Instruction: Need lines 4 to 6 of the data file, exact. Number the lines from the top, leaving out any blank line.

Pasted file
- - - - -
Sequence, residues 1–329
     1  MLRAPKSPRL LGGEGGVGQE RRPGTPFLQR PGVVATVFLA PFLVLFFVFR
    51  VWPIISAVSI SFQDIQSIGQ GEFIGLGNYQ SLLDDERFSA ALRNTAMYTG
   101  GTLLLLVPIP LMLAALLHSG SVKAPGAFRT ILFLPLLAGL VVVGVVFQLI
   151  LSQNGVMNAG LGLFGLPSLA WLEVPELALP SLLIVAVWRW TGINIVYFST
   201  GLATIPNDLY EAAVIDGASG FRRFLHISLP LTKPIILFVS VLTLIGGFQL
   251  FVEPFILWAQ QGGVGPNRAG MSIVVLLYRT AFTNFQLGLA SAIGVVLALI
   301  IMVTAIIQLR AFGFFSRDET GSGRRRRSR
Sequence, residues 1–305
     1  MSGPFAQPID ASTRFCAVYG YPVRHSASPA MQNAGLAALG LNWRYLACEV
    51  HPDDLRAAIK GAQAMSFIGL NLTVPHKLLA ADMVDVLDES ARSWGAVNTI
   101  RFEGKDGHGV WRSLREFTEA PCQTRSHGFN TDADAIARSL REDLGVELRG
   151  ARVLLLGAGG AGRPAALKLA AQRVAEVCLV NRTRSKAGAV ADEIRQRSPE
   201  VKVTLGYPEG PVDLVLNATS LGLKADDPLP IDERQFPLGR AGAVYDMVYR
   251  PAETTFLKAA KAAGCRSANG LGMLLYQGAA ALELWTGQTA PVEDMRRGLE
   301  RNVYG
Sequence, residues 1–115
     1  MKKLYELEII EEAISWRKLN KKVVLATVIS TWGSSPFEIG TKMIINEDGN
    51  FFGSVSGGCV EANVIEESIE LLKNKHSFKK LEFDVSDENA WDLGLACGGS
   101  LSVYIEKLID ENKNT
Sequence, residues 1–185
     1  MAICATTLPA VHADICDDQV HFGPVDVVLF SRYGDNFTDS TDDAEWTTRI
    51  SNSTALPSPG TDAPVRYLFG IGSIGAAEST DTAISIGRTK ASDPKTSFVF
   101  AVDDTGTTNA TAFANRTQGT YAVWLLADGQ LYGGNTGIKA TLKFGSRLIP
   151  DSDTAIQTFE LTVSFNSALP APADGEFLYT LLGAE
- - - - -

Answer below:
   101  GTLLLLVPIP LMLAALLHSG SVKAPGAFRT ILFLPLLAGL VVVGVVFQLI
   151  LSQNGVMNAG LGLFGLPSLA WLEVPELALP SLLIVAVWRW TGINIVYFST
   201  GLATIPNDLY EAAVIDGASG FRRFLHISLP LTKPIILFVS VLTLIGGFQL